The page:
Since the advent of the Telecommunications Code 2003, leases permitting mobile phone providers to erect masts and other equipment on land and buildings has become even more uncertain and complex.
It is now exceedingly dangerous to sign an Early Access Agreement with any mobile phone providers. It can mean that you are required to then grant them a Lease of the premises and more importantly, under the Telecommunications Code 2003, rights are granted to the provider making it exceptionally difficult to remove them from the site.
Mobile phone providers are afforded greater protection than nearly any tenant in modern times. Whilst in part, occupation by mobile phone providers is dealt with by Landlord & Tenant Act 1954, that is not the whole story.
we recommend that legal advice is sought when any Contract is negotiated. Landowners or owners of buildings who are approached by mobile phone providers or their surveyors with a view to erecting mobile phone masts, should decline to sign anything and seek legal advice and guidance as quickly as possible, as the agreement offered may not protect all of your interests. For example, consideration should always be given to the possibility of site sharing but also compensation for damage to crops and usability of the land and so on.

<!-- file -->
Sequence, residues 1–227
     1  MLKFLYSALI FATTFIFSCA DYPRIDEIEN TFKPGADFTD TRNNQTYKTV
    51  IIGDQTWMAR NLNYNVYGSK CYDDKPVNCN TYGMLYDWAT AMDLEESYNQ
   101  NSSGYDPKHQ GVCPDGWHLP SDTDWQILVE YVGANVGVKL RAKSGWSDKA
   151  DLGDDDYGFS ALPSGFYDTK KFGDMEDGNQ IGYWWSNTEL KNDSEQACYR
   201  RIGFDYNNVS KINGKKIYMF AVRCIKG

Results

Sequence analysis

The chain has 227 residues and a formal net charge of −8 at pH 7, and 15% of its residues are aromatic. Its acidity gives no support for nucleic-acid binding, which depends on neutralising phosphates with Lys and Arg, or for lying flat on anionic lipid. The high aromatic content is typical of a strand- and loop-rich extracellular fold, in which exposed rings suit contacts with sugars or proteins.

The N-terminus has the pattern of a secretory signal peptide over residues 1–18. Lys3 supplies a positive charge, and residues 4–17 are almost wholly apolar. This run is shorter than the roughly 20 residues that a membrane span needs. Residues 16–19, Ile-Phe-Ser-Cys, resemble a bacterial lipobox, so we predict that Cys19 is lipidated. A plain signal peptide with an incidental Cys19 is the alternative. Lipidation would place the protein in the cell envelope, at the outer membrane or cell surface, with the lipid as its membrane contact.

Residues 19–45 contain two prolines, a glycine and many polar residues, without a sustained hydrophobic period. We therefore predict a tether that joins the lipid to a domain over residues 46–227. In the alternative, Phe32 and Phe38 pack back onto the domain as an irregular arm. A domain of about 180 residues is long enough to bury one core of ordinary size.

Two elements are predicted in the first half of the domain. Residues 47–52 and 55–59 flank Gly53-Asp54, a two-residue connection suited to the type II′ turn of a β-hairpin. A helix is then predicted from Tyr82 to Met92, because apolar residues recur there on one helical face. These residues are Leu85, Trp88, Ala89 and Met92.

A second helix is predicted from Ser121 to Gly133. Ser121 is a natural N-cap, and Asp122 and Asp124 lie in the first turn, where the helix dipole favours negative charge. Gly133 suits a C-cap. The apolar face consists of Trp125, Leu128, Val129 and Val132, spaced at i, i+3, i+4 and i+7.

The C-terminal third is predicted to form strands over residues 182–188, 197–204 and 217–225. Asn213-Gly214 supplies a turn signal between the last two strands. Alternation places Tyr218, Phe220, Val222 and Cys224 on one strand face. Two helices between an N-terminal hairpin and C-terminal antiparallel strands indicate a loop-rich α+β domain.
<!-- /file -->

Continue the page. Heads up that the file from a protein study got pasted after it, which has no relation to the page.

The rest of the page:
Chubb Bulleid have been involved with a number of mobile phone mast transactions over recent years and are able to advise land owners on the following:
- Telecommunications code and the rights it gives each party
- Site sharing
- Damage to land and crops
- Damage to buildings
- Break clauses
- Rent reviews
- Mobile Phone equipment
- Electricity supplies
- Extension of the site
- Health and safety